In the closing hours of the FIBA World Cup 2023 on Sunday, September 10, Al S. Panlilio, President of the Samahang Basketbol ng Pilipinas, reflected on the two-week-long global event that was coming to an end and felt a slight flutter in his heart.
“It’s a mix of extreme emotions,” said Panlilio, who led the country’s bid for the multi-nation hosting of the World Cup, along with SBP Chairman Emeritus Manny V. Pangilinan, in 2017. The Philippines, Japan, and Indonesia, as co-hosts, were awarded the rights to organize the latest edition of FIBA’s flagship event later that year.
“I’m extremely proud of all the LOC [Local Organizing Committee] staff and volunteers. And [I feel] extreme joy for the coming together of the FIBA community to make this World Cup a memorable one.
“But there’s also a feeling of extreme bittersweetness as it comes to an end, yet overshadowed by extreme hopefulness for the 2027 World Cup in Qatar,” he continued.
By Monday, the newly-crowned World Cup champion—either Germany or Serbia—would likely be on its way to NAIA and headed home, with the glittering, gold-plated Naismith Trophy as a cherished possession. The losing finalist and the teams that met for third place—USA and Canada—would also be making their way back, all of them left to ponder what might have been.
The process of clearing the tons of materials brought into the SM Mall of Asia Arena before August 25, the opening day, has already begun. In a few days, only a couple of signages may remain to remind future visitors that the world’s best basketball teams battled for supremacy there.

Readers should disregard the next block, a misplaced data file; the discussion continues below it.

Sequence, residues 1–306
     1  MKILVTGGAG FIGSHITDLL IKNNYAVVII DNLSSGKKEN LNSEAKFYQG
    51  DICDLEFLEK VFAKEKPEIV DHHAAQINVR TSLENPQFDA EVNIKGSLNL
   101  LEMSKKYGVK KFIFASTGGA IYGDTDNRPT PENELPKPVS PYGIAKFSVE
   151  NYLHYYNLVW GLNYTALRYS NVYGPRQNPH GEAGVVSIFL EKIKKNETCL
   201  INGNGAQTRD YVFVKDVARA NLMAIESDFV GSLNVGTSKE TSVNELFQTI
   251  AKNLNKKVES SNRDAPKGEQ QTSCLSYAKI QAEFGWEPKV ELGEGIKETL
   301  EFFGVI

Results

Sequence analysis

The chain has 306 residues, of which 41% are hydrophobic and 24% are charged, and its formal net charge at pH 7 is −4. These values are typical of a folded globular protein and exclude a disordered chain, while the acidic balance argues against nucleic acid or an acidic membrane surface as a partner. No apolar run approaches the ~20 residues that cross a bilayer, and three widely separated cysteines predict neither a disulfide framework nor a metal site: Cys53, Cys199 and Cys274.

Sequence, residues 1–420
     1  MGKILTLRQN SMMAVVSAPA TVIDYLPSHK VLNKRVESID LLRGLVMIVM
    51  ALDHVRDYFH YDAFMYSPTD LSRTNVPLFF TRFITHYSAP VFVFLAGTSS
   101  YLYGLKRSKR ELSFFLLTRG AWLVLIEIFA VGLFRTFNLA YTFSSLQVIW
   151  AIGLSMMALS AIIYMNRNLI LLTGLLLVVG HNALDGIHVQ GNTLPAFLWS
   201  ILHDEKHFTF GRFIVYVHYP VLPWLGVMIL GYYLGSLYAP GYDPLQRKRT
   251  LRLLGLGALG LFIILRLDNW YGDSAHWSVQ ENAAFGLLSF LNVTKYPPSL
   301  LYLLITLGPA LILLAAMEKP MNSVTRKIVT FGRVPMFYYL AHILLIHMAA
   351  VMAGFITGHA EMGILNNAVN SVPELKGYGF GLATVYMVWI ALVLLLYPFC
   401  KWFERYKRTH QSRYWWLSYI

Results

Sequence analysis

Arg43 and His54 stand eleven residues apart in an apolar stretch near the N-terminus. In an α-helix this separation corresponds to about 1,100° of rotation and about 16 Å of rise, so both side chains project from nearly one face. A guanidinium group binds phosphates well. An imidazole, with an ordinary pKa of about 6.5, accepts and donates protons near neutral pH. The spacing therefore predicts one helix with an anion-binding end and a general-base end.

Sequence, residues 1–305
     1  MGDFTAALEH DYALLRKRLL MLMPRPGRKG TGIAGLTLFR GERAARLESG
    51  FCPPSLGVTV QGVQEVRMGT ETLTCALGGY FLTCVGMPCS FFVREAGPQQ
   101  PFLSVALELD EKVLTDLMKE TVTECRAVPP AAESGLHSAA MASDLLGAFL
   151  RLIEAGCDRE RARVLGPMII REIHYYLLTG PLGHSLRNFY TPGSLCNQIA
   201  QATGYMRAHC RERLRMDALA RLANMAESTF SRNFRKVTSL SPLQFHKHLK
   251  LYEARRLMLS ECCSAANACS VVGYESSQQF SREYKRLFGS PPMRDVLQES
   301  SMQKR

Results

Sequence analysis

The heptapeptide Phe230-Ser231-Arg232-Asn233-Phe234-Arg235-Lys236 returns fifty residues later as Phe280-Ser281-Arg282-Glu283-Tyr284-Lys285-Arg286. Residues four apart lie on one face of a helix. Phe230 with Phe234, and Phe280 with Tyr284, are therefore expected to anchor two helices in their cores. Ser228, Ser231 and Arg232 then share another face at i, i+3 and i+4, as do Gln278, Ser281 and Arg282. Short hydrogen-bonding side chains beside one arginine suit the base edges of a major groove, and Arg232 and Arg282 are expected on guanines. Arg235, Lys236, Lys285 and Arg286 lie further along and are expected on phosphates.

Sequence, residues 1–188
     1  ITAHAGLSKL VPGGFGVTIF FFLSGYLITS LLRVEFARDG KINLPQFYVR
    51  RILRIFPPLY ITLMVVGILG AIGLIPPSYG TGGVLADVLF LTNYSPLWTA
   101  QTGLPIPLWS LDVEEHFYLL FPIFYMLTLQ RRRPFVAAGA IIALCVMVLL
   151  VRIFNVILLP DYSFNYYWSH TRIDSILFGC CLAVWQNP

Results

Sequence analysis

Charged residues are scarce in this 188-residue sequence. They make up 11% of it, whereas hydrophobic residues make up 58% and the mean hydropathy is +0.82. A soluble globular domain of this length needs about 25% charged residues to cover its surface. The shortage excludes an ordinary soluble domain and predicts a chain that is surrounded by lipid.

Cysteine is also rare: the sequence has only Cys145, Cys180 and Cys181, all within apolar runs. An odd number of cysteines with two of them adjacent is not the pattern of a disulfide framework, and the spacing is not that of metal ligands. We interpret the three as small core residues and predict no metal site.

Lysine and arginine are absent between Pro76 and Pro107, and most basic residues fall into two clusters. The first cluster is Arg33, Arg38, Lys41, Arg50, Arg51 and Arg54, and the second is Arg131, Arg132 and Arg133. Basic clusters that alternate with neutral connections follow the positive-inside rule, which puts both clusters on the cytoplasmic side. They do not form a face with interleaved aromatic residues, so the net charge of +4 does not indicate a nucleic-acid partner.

The Philippine Arena in Bocaue, Bulacan, where the inaugural game between Gilas Pilipinas and the Dominican Republic set a new FIBA World Cup attendance record of 38,115, could be hosting another major event, while the Smart Araneta Coliseum would be gearing up for collegiate basketball and the new PBA season.
By Monday, a Gilas Pilipinas team, under the guidance of Barangay Ginebra San Miguel coach Tim Cone, would be commencing less than two weeks of practice for the 19th Asian Games in Hangzhou, China. NBA star Jordan Clarkson would be back in camp with the Utah Jazz, and naturalized player Justin Brownlee would take his place in the national team.
The World Cup fever would have subsided, and the large workforce assembled by the LOC would have disbanded, with each functional head, staff member, and volunteer returning to their respective roles.
Meanwhile, Panlilio would continue to steer Philippine basketball toward continental glory. Having reflected on what has passed, he now looks forward to overseeing the formation of a Philippine team that will compete in the Asian Games against formidable opponents like South Korea, Japan, Iran, Lebanon, and China.
During a recent press conference announcing the appointment of Cone as Gilas Pilipinas coach, Panlilio stated, “While we may have fallen short of expectations in the FIBA World Cup, I believe Gilas Pilipinas battled and fought well until the end of its Group Phase campaign. The team never gave up; its never-say-die spirit remained unwavering to the last.”
And the flutter in the hearts of basketball-loving Filipinos continues.